Critics' Poll Results: The Top 10 Albums of 2014
Critics, by nature, overanalyze. After all, it’s our job to not only figure out whether music works, but to turn the average listener’s ears in a direction that’ll help them hear things they may not have heard in a casual first or second listen. There are many ways of doing this, of course. Some of us focus on determining whether a song makes sense in terms of music theory. Others of us (myself included) seek to contextualize music in the world, to help listeners find the stuff in the music that will speak to all the cruel and unusual absurdities, the multilayered confusions that make up processing not only our personal lives but where and how – and if – we are impacted by things that are happening in the world.
It’s this last bit that inspired me to call on writers to delve deeply into four albums that finished in the top half of our 2014 Critics’ Poll for the Best Albums of the Year. (We skipped profiling Lee Ann Womack, whose The Way I’m Livin’ came in fourth place, because nobody could outdo David Cantwell’s in-depth feature from October.) The assignment was deliberately vague. I simply asked for 2500 words on the assigned album, and told them to do with that what they would. It’s been interesting to read the results, and their work has, I think, shed light on some kind of critical consensus about the role of roots music in 2014.
From Ferguson to Peshawar, Sydney to Staten Island, Hong Kong to Cleveland, the news in 2014 has been hard to hear. Yes, this is not a news site, but even the music that made ripples among our readers and critics, when taken altogether, is a reminder that we have work to do. For example, Hurray for the Riff Raff reminded us we have work to do on violence against women. Lucinda Williams reminded us we have work to do when it comes to reckoning our physical existence with our spiritual longing. Rosanne Cash reminded us we have work to do in the realm of empathy, in reckoning how far we’ve come with how far we have yet to go. Sturgill Simpson and Lee Ann Womack … well, I think they just both reminded us that things aren’t always what they seem, that definitions have limitations, and that we could all stand to do a little work on ourselves.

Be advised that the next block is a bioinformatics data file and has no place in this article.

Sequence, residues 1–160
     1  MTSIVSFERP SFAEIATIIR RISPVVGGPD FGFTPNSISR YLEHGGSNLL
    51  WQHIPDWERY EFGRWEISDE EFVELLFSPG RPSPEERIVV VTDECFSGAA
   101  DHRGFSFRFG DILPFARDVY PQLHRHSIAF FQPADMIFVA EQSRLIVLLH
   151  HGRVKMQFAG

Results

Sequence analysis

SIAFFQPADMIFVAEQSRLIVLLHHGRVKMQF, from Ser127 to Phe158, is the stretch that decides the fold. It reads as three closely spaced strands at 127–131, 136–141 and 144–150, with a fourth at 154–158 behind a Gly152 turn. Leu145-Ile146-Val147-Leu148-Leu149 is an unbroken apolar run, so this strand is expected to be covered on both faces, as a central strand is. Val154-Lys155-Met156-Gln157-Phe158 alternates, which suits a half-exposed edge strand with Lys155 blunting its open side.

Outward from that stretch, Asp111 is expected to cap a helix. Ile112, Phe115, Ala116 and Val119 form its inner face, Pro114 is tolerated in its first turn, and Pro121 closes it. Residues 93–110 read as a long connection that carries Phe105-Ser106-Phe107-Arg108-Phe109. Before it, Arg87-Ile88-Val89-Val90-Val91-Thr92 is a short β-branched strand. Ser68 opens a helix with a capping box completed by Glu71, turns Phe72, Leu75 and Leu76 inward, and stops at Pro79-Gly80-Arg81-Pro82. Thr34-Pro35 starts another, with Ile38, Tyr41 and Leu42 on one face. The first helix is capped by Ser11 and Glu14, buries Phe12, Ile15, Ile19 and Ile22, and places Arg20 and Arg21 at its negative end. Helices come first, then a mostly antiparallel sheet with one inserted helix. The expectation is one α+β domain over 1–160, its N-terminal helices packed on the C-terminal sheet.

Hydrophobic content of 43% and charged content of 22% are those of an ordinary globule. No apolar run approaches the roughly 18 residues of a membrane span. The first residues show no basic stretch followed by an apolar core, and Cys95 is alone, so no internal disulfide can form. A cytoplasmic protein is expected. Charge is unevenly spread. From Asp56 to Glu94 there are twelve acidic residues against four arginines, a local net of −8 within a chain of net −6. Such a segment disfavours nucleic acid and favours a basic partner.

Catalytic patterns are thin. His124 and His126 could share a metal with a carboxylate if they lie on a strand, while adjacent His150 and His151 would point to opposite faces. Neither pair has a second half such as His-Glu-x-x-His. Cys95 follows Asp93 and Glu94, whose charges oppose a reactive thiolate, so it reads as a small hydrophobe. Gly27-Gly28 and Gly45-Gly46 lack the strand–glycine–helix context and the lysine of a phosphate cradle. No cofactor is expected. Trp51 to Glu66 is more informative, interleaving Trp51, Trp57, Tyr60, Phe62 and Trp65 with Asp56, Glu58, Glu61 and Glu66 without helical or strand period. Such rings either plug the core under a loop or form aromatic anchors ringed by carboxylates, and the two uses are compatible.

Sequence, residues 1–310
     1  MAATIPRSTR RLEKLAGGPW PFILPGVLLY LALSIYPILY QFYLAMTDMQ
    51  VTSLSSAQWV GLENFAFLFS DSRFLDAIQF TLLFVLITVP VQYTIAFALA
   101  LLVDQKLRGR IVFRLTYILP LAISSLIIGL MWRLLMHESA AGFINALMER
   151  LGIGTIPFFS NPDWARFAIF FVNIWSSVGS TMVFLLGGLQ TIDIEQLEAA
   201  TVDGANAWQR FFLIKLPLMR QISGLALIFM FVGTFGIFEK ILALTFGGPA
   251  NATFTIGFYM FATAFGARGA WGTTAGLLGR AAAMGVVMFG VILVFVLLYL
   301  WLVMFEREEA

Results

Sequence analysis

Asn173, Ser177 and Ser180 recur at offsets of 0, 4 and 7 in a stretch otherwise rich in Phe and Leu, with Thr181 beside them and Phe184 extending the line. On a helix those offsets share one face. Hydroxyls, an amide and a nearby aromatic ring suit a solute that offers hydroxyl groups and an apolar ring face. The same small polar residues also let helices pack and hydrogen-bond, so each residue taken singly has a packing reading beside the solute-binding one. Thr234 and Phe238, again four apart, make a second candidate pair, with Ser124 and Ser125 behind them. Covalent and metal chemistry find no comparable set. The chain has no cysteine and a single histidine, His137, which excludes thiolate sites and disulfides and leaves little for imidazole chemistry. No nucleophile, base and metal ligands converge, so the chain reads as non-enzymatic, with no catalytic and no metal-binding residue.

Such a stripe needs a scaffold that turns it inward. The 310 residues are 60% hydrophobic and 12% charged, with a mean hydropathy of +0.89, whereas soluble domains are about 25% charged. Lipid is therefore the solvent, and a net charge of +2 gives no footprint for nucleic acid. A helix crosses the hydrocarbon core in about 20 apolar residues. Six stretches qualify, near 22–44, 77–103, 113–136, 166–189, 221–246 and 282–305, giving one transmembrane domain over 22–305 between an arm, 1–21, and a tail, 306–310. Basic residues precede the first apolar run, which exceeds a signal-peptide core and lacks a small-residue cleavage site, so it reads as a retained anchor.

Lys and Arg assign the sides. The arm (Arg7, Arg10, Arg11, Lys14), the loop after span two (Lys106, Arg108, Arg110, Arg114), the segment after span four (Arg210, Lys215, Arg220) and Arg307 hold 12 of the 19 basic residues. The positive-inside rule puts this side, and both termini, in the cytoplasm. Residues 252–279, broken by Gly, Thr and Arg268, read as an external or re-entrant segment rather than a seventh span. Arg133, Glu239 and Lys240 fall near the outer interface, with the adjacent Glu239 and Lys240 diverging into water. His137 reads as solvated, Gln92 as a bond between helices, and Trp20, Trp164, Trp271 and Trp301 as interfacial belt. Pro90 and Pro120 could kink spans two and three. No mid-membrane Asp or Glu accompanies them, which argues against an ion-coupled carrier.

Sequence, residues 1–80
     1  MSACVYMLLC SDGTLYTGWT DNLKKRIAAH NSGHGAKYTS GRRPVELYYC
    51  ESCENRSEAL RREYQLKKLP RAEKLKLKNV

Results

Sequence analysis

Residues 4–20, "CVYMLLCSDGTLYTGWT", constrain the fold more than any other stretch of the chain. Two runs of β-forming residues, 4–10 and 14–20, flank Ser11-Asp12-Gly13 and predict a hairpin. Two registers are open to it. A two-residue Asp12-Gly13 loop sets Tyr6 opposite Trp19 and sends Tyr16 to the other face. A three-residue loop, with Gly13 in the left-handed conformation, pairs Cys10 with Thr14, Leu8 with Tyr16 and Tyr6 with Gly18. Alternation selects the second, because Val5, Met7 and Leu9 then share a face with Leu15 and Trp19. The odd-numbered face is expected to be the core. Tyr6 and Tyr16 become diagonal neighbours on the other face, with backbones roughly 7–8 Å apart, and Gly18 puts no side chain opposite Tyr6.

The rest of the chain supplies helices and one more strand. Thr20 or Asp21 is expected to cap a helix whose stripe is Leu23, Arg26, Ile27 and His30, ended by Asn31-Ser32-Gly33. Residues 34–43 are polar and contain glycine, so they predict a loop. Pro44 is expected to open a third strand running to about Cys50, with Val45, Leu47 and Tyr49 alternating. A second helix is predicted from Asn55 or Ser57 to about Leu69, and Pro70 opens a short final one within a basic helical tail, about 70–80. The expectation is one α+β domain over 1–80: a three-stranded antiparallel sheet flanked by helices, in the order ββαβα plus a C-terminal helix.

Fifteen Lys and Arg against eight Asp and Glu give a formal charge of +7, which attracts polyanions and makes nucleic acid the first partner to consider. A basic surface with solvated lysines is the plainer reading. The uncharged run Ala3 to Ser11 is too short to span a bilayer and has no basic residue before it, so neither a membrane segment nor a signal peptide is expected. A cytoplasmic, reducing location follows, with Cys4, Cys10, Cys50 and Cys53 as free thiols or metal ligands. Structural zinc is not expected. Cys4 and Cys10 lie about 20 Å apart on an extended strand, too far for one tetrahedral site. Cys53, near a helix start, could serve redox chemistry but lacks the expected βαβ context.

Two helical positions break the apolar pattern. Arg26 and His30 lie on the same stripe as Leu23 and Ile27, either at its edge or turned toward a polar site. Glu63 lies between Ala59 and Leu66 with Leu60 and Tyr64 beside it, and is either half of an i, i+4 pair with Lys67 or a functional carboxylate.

Lucky for us, “work to do” has always, in the history of America, had a good friend in rootsy music. This kind of music we love here on No Depression is made with the sweat, passion, and focus of hard work. I reckon it’s the work that goes into it, as well as the work it helps us accomplish, that makes it so appealing – the grit and raw muscle, as well as the less-pronounced emotional work. And, these are the things that wound up getting discussed by our critics in their in-depth profiles of these albums. Looking beyond that Top 5, it’s easy to see that kind of work ethic prevailing across the albums on which we who overanalyze for a living, all agree.
Thirteen critics* participated in this poll, drawn from the folks who have written – or will soon write – a commissioned cover story for us. Their lists were scored, ranked, and tallied in the same manner as our readers’ poll. And, though they included everything from twangy pop to earnest singer-songwriters, hard-thumping stringbands and progressive bluegrassers, this final list of ten albums represents a very clear consensus. So, here it is, folks:
The ND Critics’ Poll: Best Albums of 2014
- Rosanne Cash – The River and the Thread
- Sturgill Simpson – Metamodern Sounds in Country Music
- Lucinda Williams – Down Where the Spirit Meets the Bone
- Lee Ann Womack – The Way I’m Livin’
- Hurray for the Riff Raff – Small Town Heroes
- Rodney Crowell – Tarpaper Sky
- Willie Nelson – Band of Brothers
- Leonard Cohen – Popular Problems
- Parker Millsap – Parker Millsap
- Robert Ellis – The Lights from the Chemical Plant
*Participating in this poll: Kelly McCartney, Jewly Hight, Grant Britt, Mike Seely, Peter Blackstock, Anne Margaret Daniel, Kim Ruehl, Terry Roland, Gillian Turnbull, Neil Ferguson, Henry Carrigan, Lee Zimmerman, Kevin Lynch.